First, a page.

Outlander - Beowulf meets Alien in a Viking/sci-fi monster mash-up

As if yesterday’s Muppets/Ocean’s 11 mash-up wasn’t goofy enough, we’ve just come across an even loopier fanboy homage - a zanily recast trailer for the new movie Outlander, which comes out in UK cinemas tomorrow.

A shot-by-shot revamp of the movie’s official trailer, the fan version waggishly employs a variety of action figures (from ranges such as He-Man, Thundercats, Star Wars, Ghostbusters and more) to stand in for the movie’s real-life actors.

The spoof is weirdly appropriate, as Outlander is itself a genre-blending mash-up, a far-out fusion of ancient Viking saga and sci-fi adventure: Beowulf meets Alien.

Co-writer/director Howard McCain has re-imagined the origins of the epic Old English poem Beowulf, thrusting an alien astronaut out of Erich von Däniken and a CGI-conjured fantasy beast into the ancient Norse world as a way of explaining the myth of the heroic Beowulf and his battles with the baneful Grendel and Grendel’s even deadlier mother.

Outlander - Jim Caviezel’s extraterrestrial Kainan crash lands in 7th-century Iron Age Norway

So Jim Caviezel plays extraterrestrial warrior Kainan, who crash lands in a Norwegian fjord in the year 709 A.D. Unfortunately, there’s a lethal stowaway aboard his craft: the Moorwen, a vengeful creature whose race has been destroyed by Kainan’s people.

When Kainan gets captured by the local Viking tribe, headed by John Hurt’s Rothgar (another nod to Alien) and his hot-headed nephew Wulfric (Jack Huston), the ‘outlander’ is, of course, the only one around who understands what is causing the mayhem now being wrought by the Moorwen.

Outlander - Jim Caviezel’s extraterrestrial Kainan learns the local Viking language the hard way

Fortunately, Kainan has used his superior technology to download comprehension of the local language into his brain, an icky business that involves poking his lingo-gizmo into his eyeball, which he manages just in time before all the artefacts of his superior technology have sunk in the fjord, got lost or gone kaput.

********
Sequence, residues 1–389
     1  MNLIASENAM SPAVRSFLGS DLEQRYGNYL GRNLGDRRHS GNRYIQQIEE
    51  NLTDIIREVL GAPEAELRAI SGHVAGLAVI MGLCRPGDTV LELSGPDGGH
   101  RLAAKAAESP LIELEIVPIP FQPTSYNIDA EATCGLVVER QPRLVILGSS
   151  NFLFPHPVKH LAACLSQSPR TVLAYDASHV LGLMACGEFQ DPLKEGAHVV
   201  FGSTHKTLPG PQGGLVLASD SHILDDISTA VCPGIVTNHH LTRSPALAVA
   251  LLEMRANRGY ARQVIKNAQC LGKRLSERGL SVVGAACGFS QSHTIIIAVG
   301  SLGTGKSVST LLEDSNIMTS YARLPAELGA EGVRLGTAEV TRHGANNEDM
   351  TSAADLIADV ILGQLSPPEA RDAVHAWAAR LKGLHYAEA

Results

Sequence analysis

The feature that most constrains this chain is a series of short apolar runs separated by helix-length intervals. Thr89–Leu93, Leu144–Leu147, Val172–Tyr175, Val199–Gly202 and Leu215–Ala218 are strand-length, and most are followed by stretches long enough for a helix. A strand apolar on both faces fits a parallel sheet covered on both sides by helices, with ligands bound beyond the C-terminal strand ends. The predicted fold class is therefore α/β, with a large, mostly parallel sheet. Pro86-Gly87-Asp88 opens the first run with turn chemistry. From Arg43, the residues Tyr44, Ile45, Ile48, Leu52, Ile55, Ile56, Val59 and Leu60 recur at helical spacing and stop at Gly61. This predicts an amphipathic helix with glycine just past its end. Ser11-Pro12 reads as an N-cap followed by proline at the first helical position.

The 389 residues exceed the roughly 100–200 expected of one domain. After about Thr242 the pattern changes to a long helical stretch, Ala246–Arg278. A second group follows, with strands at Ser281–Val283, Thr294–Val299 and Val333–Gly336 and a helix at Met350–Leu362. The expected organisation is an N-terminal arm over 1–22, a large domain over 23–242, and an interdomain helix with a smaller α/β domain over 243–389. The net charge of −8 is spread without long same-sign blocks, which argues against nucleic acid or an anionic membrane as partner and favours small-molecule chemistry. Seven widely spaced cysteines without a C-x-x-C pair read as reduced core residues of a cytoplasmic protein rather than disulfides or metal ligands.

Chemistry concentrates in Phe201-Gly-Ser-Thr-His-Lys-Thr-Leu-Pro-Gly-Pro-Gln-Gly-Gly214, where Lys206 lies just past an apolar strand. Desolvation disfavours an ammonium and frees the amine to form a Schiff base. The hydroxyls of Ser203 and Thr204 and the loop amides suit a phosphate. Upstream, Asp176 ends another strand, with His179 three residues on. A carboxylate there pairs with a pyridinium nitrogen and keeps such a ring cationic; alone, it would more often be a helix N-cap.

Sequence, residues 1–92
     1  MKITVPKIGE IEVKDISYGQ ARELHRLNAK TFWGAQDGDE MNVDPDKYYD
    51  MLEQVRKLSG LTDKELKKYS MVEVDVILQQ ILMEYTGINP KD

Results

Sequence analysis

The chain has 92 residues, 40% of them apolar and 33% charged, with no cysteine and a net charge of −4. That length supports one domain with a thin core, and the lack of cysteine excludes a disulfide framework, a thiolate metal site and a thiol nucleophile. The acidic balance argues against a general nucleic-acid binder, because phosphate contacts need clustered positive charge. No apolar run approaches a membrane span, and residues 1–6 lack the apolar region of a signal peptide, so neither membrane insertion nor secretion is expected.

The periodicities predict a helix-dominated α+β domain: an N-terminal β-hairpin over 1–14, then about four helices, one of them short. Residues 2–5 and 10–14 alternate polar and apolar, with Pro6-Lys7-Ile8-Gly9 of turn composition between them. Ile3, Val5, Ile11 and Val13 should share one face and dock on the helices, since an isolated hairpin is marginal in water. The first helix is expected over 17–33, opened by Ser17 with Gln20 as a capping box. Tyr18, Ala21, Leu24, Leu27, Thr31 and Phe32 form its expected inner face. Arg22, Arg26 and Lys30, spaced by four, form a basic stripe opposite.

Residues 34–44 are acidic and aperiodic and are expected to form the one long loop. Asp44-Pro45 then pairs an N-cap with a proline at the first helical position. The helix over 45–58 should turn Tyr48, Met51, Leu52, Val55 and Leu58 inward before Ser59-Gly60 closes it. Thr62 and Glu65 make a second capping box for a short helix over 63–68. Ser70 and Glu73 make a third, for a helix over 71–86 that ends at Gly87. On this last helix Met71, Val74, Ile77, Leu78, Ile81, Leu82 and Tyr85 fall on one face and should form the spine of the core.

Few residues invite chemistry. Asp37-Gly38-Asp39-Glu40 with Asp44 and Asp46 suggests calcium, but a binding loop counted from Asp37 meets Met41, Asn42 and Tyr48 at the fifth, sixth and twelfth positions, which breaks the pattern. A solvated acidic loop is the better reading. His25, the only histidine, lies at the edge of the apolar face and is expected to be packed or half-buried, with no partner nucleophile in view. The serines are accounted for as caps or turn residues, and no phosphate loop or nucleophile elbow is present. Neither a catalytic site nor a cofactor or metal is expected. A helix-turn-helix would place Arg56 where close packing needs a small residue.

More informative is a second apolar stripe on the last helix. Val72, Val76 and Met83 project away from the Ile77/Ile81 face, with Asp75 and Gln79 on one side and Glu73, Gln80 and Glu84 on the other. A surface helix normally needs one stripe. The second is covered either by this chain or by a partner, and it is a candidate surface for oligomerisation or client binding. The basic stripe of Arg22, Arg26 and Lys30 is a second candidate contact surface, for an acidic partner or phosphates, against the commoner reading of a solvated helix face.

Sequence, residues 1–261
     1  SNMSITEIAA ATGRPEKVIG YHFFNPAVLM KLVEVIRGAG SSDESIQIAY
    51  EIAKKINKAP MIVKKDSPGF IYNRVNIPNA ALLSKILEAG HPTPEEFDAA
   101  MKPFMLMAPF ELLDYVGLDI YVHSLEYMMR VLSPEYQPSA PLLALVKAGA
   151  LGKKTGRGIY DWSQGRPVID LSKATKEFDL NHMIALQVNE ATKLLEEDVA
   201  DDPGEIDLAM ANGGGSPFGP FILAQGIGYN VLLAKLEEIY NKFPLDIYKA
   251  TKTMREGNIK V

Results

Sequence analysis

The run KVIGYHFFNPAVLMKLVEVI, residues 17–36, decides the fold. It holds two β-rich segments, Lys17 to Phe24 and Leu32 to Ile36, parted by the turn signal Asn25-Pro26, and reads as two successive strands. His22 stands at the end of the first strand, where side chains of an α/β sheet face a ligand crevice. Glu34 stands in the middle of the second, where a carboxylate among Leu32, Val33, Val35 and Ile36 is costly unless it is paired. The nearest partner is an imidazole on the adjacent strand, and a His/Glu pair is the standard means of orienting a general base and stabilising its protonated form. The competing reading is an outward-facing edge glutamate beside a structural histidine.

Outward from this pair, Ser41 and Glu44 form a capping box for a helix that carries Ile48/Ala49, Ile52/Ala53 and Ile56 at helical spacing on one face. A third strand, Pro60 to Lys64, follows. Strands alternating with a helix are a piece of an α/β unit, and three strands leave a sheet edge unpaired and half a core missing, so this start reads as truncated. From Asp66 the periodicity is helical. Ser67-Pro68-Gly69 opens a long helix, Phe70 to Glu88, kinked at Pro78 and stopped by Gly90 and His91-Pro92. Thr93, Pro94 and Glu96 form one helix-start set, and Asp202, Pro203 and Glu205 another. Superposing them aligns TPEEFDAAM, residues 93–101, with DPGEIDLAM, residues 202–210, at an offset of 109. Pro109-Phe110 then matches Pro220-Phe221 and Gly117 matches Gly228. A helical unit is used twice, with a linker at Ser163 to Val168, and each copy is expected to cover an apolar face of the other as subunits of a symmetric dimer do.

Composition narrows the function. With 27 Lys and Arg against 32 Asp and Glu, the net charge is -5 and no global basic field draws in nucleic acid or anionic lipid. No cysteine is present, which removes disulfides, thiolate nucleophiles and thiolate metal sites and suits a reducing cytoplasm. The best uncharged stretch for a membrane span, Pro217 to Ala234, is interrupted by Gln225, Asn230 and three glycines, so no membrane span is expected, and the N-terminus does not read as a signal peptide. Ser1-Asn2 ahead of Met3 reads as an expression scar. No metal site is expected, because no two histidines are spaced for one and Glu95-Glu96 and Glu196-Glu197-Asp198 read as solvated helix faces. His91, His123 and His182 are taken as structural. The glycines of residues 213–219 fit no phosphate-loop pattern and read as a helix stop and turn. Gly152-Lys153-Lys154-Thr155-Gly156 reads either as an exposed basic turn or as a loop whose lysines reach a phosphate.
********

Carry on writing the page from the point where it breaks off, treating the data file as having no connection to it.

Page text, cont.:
Speaking the same language as the locals is handy, but it doesn’t help him, initially, convince them of the threat they are facing. Eventually, of course, he proves his worth as a warrior, bonds with Wulfric and cosies up with Rothgar’s daughter Freya (Sophia Myles) before leading the Vikings into a final showdown with the Morwen.

Outlander - Sophia Myles’s Viking princess Freya & Jim Caviezel’s extraterrestrial warrior Kainan

Yes, it’s all bonkers, of course, but not nearly as silly as watching a CGI-buffed Ray Winstone give us a cockney Viking hero in Robert Zemeckis’s motion-capture animated extravaganza Beowulf. And McCain does propel the action along with grim gusto, while Caviezel, Hurt and co manage to keep straight faces – almost as straight, indeed, as the spoof trailer’s plastic toys.

On general release from 24th April

Jason Best

A film critic for over 25 years, Jason admits the job can occasionally be glamorous – sitting on a film festival jury in Portugal; hanging out with Baz Luhrmann at the Chateau Marmont; chatting with Sigourney Weaver about The Archers – but he mostly spends his time in darkened rooms watching films. He’s also written theatre and opera reviews, two guide books on Rome, and competed in a race for Yachting World, whose great wheeze it was to send a seasick film critic to write about his time on the ocean waves. But Jason is happiest on dry land with a classic screwball comedy or Hitchcock thriller.